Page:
During BJJ, Judo, or grappling classes, there is the chance that some inadvertent touching to these areas may occur. The children or female adult students who are 17 or younger who are at the age where they begin to feel uncomfortable with these areas being touched, should not be allowed to perform randori with students, instructors, or sensei of the opposite sex. It is too easy for a planned assault of these areas to occur, while making it seem like it was accidental.

What do you do to insure that your child is not being abused at the dojo?
Never leave your child in a class when there are no parents in the viewing/reception area. Even if there are many children students in the class. Children do not know when others are being touched sexually. Some think that is OK because of the trust that they place in the instructor or sensei. Teach your children to tell you what happens in the dojo. The child must be able to communicate all aspects of his/her training. If the dojo policy does not allow the parents to watch the classes, find another dojo that will. There should be no reason why a parent cannot observe his or her child while in a class.

However, some touching (prodding) is necessary when learning a contact sport or self-defense. You must make sure that the touching is specific to learning knowledge and not sexual in nature. The child should be able to tell you if they are comfortable with the other children, the instructors, adults, and Sensei.

An ounce of prevention is worth a ton of cure.



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VSD for Abused Children

Postby LeeDarrow » Wed Sep 19, 2001 6:21 pm

EXCELLENT post, Testa-Shihan!!

A variation of this should be a part of every new student's and parent's information package when enrolling in a class!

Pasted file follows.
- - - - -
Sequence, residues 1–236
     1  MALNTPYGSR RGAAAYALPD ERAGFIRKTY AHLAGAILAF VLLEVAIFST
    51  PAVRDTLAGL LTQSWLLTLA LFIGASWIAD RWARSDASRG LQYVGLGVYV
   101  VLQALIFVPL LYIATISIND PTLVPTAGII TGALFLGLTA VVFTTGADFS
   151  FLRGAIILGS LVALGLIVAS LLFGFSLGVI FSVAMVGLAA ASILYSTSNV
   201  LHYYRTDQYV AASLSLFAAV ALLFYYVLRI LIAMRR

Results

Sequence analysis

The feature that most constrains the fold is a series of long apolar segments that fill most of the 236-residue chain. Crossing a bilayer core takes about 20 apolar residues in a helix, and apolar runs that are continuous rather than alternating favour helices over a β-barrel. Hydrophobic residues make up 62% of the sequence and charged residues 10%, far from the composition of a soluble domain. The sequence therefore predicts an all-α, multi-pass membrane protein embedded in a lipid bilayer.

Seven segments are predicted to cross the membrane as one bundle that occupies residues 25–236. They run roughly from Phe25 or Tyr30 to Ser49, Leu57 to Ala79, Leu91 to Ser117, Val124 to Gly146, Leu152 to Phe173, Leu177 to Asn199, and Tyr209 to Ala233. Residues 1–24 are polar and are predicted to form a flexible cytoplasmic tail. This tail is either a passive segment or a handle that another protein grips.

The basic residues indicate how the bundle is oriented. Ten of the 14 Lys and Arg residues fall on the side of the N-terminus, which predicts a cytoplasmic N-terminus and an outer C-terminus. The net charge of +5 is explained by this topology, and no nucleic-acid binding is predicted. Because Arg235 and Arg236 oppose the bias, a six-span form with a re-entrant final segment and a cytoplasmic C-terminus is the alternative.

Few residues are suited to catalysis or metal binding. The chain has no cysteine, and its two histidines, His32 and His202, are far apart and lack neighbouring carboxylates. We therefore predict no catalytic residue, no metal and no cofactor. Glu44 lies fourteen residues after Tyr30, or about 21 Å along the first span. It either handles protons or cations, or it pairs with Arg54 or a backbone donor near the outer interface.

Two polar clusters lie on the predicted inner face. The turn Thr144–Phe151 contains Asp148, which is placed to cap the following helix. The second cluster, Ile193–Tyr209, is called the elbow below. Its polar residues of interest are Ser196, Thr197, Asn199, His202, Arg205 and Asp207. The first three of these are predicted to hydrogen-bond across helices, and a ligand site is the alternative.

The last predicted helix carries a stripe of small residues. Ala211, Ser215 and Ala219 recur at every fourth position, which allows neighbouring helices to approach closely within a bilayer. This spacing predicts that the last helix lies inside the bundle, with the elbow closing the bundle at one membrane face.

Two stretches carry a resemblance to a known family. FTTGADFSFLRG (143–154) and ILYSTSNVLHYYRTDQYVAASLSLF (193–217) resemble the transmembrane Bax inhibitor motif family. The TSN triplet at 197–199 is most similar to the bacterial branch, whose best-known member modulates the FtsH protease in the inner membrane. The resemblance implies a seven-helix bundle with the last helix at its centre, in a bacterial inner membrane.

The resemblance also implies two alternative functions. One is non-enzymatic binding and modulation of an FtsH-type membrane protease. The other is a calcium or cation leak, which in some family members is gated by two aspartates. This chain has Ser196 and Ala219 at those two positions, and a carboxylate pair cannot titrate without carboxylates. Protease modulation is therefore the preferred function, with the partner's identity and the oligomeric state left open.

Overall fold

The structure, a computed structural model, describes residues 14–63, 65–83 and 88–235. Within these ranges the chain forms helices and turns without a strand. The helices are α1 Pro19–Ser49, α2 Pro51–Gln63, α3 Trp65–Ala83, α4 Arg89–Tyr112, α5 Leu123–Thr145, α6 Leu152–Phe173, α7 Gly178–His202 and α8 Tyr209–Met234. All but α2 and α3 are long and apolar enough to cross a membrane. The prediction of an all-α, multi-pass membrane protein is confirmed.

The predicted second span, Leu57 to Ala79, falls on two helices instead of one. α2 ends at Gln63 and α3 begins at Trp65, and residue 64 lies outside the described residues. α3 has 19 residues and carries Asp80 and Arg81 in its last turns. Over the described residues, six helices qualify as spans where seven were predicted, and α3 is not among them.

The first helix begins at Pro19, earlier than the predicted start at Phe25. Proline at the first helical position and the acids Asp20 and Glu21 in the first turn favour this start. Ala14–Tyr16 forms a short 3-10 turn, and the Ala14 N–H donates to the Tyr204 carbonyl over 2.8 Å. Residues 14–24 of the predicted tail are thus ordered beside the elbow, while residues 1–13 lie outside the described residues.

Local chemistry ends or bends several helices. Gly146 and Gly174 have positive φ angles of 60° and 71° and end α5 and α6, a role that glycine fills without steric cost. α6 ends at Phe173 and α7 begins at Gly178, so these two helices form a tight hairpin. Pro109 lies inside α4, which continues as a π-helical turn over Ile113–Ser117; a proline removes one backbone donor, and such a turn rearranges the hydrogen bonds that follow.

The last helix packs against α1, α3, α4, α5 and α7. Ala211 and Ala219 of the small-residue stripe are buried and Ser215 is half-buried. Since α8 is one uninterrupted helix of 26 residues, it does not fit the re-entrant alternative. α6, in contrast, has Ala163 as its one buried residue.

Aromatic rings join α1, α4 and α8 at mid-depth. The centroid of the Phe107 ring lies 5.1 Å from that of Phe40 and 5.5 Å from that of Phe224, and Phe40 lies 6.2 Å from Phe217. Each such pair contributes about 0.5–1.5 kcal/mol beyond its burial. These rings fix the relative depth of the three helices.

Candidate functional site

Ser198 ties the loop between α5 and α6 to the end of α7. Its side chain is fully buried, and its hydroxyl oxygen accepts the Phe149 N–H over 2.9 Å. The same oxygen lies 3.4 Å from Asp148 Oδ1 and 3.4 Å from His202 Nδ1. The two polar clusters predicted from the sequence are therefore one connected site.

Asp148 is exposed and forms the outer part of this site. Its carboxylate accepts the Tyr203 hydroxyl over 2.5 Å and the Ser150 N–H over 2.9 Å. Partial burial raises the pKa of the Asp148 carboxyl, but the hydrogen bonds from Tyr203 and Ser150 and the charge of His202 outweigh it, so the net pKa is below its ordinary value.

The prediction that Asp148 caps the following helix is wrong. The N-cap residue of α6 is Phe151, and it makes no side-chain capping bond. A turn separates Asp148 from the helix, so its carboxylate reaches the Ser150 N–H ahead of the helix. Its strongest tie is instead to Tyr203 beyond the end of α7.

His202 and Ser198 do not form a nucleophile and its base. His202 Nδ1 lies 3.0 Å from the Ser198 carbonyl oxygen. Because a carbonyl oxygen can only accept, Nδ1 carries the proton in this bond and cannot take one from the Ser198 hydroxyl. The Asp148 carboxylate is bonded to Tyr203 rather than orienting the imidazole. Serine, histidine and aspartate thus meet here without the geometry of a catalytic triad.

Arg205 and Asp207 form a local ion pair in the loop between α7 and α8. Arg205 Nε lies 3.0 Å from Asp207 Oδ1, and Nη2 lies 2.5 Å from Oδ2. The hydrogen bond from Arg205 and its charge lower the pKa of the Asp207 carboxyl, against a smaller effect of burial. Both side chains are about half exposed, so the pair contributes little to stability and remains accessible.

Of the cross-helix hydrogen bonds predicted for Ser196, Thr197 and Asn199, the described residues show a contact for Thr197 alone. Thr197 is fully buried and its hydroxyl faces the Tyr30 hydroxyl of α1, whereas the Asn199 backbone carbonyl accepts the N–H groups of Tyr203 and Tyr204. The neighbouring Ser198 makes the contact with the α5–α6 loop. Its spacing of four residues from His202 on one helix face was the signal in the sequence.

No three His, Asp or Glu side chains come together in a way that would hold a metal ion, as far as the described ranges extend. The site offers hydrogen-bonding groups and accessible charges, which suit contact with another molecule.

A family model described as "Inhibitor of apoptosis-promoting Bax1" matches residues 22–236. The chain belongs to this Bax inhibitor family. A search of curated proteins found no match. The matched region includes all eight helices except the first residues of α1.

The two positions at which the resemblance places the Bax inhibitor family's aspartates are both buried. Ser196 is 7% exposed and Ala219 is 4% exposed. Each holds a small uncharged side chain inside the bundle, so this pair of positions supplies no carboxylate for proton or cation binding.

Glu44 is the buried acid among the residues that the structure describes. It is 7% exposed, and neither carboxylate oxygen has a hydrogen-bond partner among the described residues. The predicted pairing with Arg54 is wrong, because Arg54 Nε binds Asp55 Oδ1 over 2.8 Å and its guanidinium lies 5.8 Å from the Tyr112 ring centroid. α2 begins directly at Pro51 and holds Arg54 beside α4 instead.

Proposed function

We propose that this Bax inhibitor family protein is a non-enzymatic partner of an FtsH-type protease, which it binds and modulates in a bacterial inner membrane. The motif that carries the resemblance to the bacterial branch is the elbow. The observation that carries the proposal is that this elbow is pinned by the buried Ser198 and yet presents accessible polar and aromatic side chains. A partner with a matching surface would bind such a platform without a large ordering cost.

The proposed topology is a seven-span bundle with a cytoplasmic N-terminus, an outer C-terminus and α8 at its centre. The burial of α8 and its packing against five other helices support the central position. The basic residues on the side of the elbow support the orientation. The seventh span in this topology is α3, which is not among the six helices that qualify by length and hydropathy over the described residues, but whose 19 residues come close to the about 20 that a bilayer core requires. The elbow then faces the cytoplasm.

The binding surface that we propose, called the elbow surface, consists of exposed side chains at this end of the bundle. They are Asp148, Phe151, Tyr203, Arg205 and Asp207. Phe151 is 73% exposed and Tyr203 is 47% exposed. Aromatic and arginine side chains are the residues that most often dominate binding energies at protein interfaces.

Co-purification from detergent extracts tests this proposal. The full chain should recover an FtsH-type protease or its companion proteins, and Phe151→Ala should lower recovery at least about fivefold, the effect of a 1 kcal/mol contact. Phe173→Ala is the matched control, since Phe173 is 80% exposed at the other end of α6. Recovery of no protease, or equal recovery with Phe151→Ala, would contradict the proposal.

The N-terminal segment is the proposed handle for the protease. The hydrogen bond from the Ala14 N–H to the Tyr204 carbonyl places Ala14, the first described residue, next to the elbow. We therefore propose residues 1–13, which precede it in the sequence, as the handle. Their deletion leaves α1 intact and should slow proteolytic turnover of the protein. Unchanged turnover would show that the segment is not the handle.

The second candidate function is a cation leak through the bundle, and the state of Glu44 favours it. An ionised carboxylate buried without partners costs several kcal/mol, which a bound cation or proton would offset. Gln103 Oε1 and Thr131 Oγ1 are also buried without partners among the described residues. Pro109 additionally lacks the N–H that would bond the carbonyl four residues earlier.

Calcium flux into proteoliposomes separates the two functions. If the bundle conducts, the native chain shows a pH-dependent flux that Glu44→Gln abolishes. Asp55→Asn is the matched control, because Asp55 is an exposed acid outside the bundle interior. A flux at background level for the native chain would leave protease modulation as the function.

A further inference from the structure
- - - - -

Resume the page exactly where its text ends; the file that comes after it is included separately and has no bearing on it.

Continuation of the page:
In these days of heightened awareness of sexual abuse, such notices are becoming necessary, if for nothing else than to show incoming students that you are aware of the possibilities and are taking active measures to keep anything untoward from happening.

As to verbal abuse, I have seen several teachers - in dojo and in elementary schools, who are emotionally and verbally abusive. In fact, I was the victim of such a teacher for two years (5th and 6th grade, just before I got started in the MA) and despite my parent's best efforts, the school would not allow me to switch teachers.

But that's a whole new thread, sin't it?

Great post!!!

Respectfully,

Lee Darrow, C.Ht.
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VSD for Abused Children

Postby LenTesta » Tue Sep 25, 2001 8:46 pm

Thank you Lee.

<BLOCKQUOTE><font size="1" face="Verdana, Arial">quote
A variation of this should be a part of every new student's and parent's information package when enrolling in a class!


You have assumed correctly that I intend to make this part of the package that I present to the parents of my junior students.

It is this type of unsuspecting touching that boarders on molestation. Sometimes it occurs in the presence of the parents who may not even be aware of it.

Of course, any child left alone with an adult who is clearly disturbed with a case of pedophilia will exceed this simple touching and it will become blatent molestation and in some cases rape. Fortunately, most children can recognize blatent molestation. It is the innocent molestation that may go undetected.

I agree, Emotional and Verbal abuse is no less of a threat to a child's well being and mindset for all future enactment with adults or teachers. What was the nature of the verbal abuse that you received?